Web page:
The Importance of the Right Word in the Right Place

Plain everyday words are the most effective. Words spoken in the prospect's own language are subtle and indestructible forces that get under his skin. They make him feel the idea is his own. They penetrate his intellect. They persuade and convince him to buy your product. Every word in the Sales Plan should be studied, weighed, and analyzed from every standpoint. Has it the proper meaning? Will it get over to the prospect the right idea? Has it carrying qualities? By analyzing and considering words in this fashion, you can select the right word for the right place. The words in your Sales Plan that convey the value of the product are the impelling and motivating forces that create a sale. Spoken in a cheerful and optimistic tone, they make it easy for the prospect to say yes. It is surprising how the little things count in selling. The old saying goes, "Anyone can see the boulders, but it's the little pebbles that throw you." The little things—like using the right word in the right place, cultivating a friendly attitude, a pleasant voice, an agreeable disposition, and a high regard for the prospect—will make the sales approach much smoother and easier. I never try to display how smart I am. I always approach my prospects in a spirit of humility, as one who comes to serve. As long as I give this Sales Plan humbly, it has power and punch, and it gets results. It is all right to be wise, but do not tell the prospect. Al- ways give the prospect credit for knowing as much as you do. It does not pay to try to bluff him. He can usually tell brass from gold. Answer all of his objections, and hand them back to him in the form of suggestions. Let him have his own way. Practice what the Bible says: "Agree with thine adversary quickly." Remember: "He who treads softly goes far." 

How to Build Your Sales Plan Scientifically

It is a very simple process to build a Sales Plan scientifically. It is like building a house. It must be planned. A mass of material thrown together will not build a house. Every brick, every plank, and every nail must have its place. The same is true in building a Sales Plan. Every word, every thought, and every sentence must have its place. A Sales Plan is organized knowledge, which states the reasons why the prospect should buy your product. The most scientific way to create a Sales Plan is to get all your material together, get all the facts, and find out every- thing you possibly can about your product. Investigate its history, background, economic relation, and the part it plays in life. Analyze these data, catalogue them, classify them, organize them, define them, and refine them. Then take the best parts and translate them into the needs of the prospect. Include in this Sales Plan anything that will improve the prospect's business, anything that will increase his wealth, anything that will contribute to his welfare, anything that will add to his peace of mind, or anything that will enrich his happiness. Present your Sales Plan in sequence, enumerate each point step by step, and try to use meaty words which evoke pictures. Speak in concrete terms, not in abstract phrases. Make your Sales Plan brief, concise, direct, definite, forceful, and understandable. Season it with the savor of personal interest, flavor it with the spice of enthusiasm, and sweeten it with the sugar of kindness.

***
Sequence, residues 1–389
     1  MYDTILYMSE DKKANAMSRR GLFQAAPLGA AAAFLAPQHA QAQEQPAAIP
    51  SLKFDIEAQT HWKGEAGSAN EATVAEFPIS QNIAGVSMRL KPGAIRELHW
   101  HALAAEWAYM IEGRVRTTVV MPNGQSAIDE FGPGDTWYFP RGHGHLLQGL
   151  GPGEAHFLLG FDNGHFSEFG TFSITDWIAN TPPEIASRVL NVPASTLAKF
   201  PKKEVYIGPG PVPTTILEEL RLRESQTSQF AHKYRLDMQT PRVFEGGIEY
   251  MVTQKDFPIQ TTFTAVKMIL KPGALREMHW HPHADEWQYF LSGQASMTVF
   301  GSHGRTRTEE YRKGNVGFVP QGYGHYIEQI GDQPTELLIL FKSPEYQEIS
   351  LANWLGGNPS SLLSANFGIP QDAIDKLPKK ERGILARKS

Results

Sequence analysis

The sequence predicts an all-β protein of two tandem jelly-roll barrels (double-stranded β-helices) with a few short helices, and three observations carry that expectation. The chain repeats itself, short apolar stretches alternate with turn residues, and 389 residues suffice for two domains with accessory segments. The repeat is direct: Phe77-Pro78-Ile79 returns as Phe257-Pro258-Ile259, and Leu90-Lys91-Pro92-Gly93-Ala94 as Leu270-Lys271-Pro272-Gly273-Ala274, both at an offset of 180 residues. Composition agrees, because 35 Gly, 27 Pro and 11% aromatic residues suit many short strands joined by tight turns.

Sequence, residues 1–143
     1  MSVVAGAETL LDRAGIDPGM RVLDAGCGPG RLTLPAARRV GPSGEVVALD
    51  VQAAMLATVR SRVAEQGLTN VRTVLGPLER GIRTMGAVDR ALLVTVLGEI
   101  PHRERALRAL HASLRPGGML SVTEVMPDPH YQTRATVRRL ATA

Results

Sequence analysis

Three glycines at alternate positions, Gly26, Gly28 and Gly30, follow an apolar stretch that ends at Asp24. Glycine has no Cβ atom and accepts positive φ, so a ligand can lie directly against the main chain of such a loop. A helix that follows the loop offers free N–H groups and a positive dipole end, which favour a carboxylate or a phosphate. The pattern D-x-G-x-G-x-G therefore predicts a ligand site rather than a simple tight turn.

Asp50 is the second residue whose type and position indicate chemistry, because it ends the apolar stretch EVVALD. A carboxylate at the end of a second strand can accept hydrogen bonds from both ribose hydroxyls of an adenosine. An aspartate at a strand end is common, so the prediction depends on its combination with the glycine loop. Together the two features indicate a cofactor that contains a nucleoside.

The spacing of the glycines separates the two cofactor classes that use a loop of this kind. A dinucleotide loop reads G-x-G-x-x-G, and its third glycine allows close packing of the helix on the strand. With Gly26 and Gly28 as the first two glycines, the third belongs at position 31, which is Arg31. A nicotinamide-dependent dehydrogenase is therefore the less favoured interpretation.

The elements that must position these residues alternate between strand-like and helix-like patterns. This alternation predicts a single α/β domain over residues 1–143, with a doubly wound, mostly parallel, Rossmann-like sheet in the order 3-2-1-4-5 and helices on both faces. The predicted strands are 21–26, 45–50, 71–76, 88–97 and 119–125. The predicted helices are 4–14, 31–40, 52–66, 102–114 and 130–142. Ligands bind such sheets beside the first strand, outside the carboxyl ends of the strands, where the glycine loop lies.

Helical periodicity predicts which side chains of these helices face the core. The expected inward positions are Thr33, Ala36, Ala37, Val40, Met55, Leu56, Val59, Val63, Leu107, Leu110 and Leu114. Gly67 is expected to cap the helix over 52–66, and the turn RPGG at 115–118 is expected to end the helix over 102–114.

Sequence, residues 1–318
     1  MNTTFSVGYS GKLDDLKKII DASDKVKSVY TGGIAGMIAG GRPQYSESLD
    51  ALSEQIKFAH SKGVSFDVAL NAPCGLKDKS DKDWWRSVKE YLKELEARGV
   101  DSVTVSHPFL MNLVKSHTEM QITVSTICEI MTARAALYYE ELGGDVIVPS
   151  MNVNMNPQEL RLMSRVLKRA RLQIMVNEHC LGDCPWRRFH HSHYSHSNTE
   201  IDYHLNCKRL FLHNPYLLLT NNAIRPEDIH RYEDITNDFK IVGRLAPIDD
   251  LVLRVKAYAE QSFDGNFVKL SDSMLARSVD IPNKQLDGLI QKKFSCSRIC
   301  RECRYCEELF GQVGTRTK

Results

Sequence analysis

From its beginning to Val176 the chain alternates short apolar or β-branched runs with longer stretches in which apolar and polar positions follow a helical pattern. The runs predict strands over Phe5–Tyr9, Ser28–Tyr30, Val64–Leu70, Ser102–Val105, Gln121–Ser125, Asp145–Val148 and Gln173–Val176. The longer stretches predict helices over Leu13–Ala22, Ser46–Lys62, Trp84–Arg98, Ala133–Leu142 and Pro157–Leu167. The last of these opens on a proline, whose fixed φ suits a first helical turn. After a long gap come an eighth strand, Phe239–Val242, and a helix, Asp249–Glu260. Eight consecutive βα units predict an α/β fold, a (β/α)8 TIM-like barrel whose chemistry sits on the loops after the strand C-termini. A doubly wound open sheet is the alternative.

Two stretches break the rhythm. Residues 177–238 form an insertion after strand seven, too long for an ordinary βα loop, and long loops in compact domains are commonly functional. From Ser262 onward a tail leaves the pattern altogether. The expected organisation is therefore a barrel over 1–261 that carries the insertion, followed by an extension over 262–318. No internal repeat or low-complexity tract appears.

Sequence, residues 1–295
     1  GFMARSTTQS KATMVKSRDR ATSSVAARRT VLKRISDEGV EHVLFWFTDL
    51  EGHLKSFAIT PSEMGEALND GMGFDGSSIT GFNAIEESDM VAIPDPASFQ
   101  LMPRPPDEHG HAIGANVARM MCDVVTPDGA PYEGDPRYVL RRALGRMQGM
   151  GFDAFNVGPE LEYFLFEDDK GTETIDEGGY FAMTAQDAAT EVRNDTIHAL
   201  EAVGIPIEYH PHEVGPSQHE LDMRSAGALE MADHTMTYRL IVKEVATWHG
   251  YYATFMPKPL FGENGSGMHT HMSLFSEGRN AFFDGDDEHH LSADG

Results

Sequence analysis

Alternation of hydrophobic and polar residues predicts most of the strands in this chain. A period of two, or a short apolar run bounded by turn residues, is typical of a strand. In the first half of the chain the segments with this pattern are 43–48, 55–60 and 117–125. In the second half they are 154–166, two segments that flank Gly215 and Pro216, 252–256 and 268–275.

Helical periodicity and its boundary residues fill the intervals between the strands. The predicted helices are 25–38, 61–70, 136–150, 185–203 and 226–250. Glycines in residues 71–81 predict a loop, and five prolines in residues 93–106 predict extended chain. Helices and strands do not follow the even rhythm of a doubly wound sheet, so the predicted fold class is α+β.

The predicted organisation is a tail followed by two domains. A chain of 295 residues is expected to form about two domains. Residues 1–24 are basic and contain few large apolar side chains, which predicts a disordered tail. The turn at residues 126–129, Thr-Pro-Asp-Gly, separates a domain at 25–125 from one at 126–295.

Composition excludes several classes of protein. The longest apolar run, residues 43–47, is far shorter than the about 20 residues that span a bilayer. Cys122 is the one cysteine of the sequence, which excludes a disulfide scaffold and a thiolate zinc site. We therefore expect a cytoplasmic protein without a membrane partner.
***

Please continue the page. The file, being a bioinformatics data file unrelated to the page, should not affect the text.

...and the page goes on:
The Power of Thought Forces

Thought forces in your Sales Plan that reveal the merits of your product, its qualities, its values, and what it means to the prospect are not mere indefinite abstractions. On the contrary, thought forces are vital, living forces, the most vital, subtle, and irresistible forces in selling. These thought forces give your sales approach color, form, essence, sub- stance, and the spirit of power and dynamic force. They clarify and define the product with simplicity. They give the product a meaning. They make the prospect feel that he will gain by buying and lose by not buying. This Sales Plan makes the prospect feel about the product the same way you feel. It carries a message of fact. It persuades and convinces. It is the bullet in your "gun." It puts the sale "in the bag." A Sales Plan should not be over one and a half minutes long, and should contain about 200 words. A scientifically prepared Sales Plan will increase and improve your ability to attract. It will increase your knowledge and give you a more comprehensive understanding of your product. It will revolutionize your sales procedure. It will revitalize you. It will rekindle your enthusiasm. It will in- spire confidence. It will give you greater courage and a keener zest to go after business. It will distinguish you. It will mark you as one that knows his business. It will register you in the Blue Book of Salesmen. 

To be Continued...